Type 2 diabetes is a chronic disorder that requires lifelong treatment. We aimed to assess whether intensive weight management within routine primary care would achieve remission of type 2 diabetes.
We did this open-label, cluster-randomised trial (DiRECT) at 49 primary care practices in Scotland and the Tyneside region of England. Practices were randomly assigned (1:1), via a computer-generated list, to provide either a weight management programme (intervention) or best-practice care by guidelines (control), with stratification for study site (Tyneside or Scotland) and practice list size (>5700 or ≤5700). Participants, carers, and research assistants who collected outcome data were aware of group allocation; however, allocation was concealed from the study statistician. We recruited individuals aged 20–65 years who had been diagnosed with type 2 diabetes within the past 6 years, had a body-mass index of 27–45 kg/m2, and were not receiving insulin. The intervention comprised withdrawal of antidiabetic and antihypertensive drugs, total diet replacement (825–853 kcal/day formula diet for 3–5 months), stepped food reintroduction (2–8 weeks), and structured support for long-term weight loss maintenance. Co-primary outcomes were weight loss of 15 kg or more, and remission of diabetes, defined as glycated haemoglobin (HbA1c) of less than 6·5% (<48 mmol/mol) after at least 2 months off all antidiabetic medications, from baseline to 12 months. These outcomes were analysed hierarchically. This trial is registered with the ISRCTN registry, number 03267836.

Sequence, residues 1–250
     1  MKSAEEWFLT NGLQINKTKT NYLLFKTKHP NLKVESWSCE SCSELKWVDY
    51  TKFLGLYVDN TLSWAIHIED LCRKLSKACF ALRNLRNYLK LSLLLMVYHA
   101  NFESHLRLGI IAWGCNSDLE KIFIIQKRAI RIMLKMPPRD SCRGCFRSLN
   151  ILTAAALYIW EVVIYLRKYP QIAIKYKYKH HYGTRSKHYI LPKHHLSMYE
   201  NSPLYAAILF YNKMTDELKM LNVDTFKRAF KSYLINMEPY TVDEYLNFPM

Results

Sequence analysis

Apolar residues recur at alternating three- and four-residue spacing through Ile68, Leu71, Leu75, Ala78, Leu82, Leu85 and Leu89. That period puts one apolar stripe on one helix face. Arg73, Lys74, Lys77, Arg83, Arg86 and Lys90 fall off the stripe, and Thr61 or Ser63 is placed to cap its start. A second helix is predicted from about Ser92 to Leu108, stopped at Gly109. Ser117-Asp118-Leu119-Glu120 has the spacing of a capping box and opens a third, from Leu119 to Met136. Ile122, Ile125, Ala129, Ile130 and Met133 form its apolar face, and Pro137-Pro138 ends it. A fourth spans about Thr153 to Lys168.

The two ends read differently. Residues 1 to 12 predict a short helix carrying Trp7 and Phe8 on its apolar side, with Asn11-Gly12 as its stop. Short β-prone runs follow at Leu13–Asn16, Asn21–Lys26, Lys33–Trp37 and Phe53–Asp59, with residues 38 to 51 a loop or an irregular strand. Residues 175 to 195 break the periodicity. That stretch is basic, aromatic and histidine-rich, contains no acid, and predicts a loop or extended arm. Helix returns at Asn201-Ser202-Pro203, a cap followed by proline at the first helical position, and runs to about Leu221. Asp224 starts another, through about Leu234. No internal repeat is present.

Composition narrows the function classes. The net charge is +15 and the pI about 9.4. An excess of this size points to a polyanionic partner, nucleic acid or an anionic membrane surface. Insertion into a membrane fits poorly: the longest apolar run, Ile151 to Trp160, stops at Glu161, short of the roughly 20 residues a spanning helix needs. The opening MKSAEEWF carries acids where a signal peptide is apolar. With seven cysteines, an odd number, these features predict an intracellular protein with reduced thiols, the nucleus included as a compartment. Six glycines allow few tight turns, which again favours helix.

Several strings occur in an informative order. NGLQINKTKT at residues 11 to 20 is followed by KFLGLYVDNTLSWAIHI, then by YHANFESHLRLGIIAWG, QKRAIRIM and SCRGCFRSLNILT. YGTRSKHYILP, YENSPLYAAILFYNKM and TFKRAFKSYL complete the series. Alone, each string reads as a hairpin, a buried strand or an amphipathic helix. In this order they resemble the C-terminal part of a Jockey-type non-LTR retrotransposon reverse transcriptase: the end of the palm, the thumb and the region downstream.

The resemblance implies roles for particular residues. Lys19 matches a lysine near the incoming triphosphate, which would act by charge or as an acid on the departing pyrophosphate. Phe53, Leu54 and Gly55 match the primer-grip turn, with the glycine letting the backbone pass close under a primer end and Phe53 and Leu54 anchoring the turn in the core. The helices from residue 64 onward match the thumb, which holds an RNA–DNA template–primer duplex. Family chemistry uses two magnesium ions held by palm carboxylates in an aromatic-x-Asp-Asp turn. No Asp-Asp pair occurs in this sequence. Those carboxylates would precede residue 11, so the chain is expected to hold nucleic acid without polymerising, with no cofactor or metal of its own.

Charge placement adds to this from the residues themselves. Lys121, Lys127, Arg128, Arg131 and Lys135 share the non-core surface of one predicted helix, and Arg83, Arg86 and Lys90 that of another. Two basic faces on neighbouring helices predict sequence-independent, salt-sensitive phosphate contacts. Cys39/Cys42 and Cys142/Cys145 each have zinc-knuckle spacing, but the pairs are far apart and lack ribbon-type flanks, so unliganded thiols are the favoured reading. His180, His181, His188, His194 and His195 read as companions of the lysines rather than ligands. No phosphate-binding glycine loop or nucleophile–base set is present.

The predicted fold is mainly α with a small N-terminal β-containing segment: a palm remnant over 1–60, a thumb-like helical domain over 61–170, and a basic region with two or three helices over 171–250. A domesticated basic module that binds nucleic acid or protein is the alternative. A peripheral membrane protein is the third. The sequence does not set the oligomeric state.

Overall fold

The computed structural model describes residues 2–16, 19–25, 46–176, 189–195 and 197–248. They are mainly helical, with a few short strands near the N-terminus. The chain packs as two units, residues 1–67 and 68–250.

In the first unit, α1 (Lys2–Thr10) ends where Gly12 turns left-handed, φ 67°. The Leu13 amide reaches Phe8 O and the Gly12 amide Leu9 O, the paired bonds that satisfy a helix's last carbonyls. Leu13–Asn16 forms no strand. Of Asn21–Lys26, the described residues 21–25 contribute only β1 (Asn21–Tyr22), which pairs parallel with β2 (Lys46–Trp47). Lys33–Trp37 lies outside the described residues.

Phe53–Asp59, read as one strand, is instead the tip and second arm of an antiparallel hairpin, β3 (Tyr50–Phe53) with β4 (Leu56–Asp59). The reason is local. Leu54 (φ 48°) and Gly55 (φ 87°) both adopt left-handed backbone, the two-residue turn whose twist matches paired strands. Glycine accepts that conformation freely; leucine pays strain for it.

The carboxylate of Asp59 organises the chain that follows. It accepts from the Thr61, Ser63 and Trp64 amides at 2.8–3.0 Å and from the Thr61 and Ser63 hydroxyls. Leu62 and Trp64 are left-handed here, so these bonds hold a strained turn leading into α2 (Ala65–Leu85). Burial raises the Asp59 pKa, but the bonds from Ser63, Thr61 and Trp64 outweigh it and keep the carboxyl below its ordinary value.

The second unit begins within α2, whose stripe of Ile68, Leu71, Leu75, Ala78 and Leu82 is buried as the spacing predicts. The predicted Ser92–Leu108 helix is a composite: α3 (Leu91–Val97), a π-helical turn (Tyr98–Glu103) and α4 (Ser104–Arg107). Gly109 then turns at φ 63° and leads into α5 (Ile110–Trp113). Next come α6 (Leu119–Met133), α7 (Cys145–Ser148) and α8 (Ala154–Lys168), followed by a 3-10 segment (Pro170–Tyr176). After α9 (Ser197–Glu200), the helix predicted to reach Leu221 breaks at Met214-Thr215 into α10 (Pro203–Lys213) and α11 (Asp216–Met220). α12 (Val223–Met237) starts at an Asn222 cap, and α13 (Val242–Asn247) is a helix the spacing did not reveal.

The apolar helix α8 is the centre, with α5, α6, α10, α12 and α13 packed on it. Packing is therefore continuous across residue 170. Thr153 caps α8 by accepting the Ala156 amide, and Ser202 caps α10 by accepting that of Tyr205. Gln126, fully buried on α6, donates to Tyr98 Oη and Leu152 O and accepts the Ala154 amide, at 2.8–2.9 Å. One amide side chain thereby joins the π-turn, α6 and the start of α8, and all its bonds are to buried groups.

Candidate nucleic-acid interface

Between July 25, 2014, and Aug 5, 2017, we recruited 306 individuals from 49 intervention (n=23) and control (n=26) general practices; 149 participants per group comprised the intention-to-treat population. At 12 months, we recorded weight loss of 15 kg or more in 36 (24%) participants in the intervention group and no participants in the control group (p<0·0001). Diabetes remission was achieved in 68 (46%) participants in the intervention group and six (4%) participants in the control group (odds ratio 19·7, 95% CI 7·8–49·8; p<0·0001). Remission varied with weight loss in the whole study population, with achievement in none of 76 participants who gained weight, six (7%) of 89 participants who maintained 0–5 kg weight loss, 19 (34%) of 56 participants with 5–10 kg loss, 16 (57%) of 28 participants with 10–15 kg loss, and 31 (86%) of 36 participants who lost 15 kg or more. Mean bodyweight fell by 10·0 kg (SD 8·0) in the intervention group and 1·0 kg (3·7) in the control group (adjusted difference −8·8 kg, 95% CI −10·3 to −7·3; p<0·0001). Quality of life, as measured by the EuroQol 5 Dimensions visual analogue scale, improved by 7·2 points (SD 21·3) in the intervention group, and decreased by 2·9 points (15·5) in the control group (adjusted difference 6·4 points, 95% CI 2·5–10·3; p=0·0012). Nine serious adverse events were reported by seven (4%) of 157 participants in the intervention group and two were reported by two (1%) participants in the control group. Two serious adverse events (biliary colic and abdominal pain), occurring in the same participant, were deemed potentially related to the intervention. No serious adverse events led to withdrawal from the study.
Our findings show that, at 12 months, almost half of participants achieved remission to a non-diabetic state and off antidiabetic drugs. Remission of type 2 diabetes is a practical target for primary care.
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